Dinner Party On A Budget

By Michaela Lange  •  August 04, 2015

When I was little, my parents hosted a dinner party every year the night before Christmas. I was always so excited and waited in anticipation for the day. My mom would take me to an array of stores to help her pick out napkins and table cloths and would ask for my opinion on appetizers: bread and cheese board or mini quiches? An hour beforehand, I would put on my pretty crimson Christmas dress and wait excitedly by the door to greet all our friends and family. We still do that dinner party to this day, and after years of training, I feel like I have become a semi-professional dinner party planner. Throughout the years I’ve picked up on some great, little ways to throw a party without tossing money away. So here are some budget-friendly ways for you to throw a party of your own:

Invitations for Your Dinner Party

If you want to fully commit to your dinner party, I recommend using invitations rather than email or text. Invitations by Dawn has some really tasteful cards that are specifically designed for dinner parties and go for as low as $1.53 per invite. These classy cards are a perfect way to start off a perfect party.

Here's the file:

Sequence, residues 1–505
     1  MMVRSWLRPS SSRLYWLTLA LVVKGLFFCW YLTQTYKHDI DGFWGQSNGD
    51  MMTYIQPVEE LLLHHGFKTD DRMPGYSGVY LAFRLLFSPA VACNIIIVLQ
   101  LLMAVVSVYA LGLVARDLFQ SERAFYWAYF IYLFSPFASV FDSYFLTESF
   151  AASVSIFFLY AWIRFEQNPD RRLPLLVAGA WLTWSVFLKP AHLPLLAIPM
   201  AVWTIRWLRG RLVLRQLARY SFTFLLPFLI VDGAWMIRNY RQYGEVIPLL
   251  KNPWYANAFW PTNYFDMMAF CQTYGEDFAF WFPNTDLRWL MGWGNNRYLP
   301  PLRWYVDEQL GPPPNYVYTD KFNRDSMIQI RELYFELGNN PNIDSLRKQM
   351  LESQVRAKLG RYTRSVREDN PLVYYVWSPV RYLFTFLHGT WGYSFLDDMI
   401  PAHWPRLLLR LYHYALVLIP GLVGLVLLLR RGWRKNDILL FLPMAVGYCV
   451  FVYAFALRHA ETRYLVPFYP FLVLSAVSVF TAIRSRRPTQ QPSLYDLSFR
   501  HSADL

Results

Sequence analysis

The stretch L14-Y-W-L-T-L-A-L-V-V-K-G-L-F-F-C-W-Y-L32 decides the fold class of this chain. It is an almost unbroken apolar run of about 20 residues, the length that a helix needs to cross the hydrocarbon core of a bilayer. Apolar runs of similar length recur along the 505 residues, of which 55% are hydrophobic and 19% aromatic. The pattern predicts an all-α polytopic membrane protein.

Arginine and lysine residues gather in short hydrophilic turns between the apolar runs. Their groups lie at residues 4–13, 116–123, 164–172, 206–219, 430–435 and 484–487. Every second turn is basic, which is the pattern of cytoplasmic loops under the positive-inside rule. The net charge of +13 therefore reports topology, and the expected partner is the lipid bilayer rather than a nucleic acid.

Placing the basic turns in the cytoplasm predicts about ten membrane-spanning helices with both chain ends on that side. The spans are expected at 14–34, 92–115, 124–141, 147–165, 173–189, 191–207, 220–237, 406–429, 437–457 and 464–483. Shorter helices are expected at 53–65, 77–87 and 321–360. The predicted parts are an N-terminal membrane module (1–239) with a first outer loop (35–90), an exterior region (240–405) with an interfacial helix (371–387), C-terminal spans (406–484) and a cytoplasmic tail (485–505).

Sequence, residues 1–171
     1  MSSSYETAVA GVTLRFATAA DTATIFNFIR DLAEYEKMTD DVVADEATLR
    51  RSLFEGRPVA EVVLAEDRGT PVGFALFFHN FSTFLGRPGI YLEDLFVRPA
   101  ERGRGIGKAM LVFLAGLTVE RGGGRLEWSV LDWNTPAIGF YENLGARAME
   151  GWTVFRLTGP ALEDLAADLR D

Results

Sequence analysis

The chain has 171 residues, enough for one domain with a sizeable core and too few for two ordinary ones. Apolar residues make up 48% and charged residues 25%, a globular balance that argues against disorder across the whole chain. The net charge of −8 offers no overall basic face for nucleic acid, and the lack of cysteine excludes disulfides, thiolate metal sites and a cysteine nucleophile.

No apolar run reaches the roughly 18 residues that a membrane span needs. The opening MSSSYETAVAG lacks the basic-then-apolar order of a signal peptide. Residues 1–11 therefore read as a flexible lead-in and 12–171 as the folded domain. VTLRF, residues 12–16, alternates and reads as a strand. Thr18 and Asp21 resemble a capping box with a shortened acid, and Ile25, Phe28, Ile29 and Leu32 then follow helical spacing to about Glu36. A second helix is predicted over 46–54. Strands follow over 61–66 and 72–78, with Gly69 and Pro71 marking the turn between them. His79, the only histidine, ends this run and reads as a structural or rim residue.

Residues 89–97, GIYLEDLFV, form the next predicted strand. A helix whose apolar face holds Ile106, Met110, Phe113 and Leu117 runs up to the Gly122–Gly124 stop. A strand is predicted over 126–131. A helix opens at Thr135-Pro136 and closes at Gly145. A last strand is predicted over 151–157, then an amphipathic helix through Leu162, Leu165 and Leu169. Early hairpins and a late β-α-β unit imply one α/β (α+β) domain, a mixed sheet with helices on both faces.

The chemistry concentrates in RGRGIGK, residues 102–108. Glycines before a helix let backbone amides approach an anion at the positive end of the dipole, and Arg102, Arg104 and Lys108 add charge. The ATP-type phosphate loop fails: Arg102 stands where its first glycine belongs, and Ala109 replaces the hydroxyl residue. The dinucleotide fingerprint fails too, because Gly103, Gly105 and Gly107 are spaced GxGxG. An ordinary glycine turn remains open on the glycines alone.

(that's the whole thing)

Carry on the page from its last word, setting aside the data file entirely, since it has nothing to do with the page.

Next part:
If you are throwing a big party and feel that an electronic invitation will be the best option, Paperless Post is the way to go. Paperless Post is a website that helps you tailor your cards to your specific style and gives you the option of sending them electronically or through card and envelope. If you have difficulty with design aesthetics, please don’t worry; Paperless Post has some very stylish pre-made invites for you to fully take advantage of. The best thing about Paperless Post is that many of their pre-made cards are free.

Décor for Your Dinner Party

A nice dinner party calls for nice décor, and it is great when you can find all that décor in the same place. Cost Plus World Market and Party City both offer budget-friendly dinner party must-haves all in one convenient location.

  • Coordinate your napkins and tablecloths. Cost Plus World Market has an assortment of napkins and tablecloths to choose from in different colors, making them easy to fit into any color scheme.
  • Organize your dinnerware. If your household includes children, I am guessing that half of your nice kitchenware is chipped and the other half probably has pictures of Disney cartoons on it. Great for the kids but not very dinner party friendly. If this sounds like your situation, the best thing to do is go with fancy plastic ware. Both Party City and Walmart have wide selections of plastic plates that are fit enough for your wedding, much less your dinner party. Some prices are as low as $10.00. Posh Party Supplies also has great plastic dinnerware on their site that comes in “Event Packages”. These packages are marked with the amount of guests they serve and are a great way to take the guessing game out of how much of an item you need to purchase.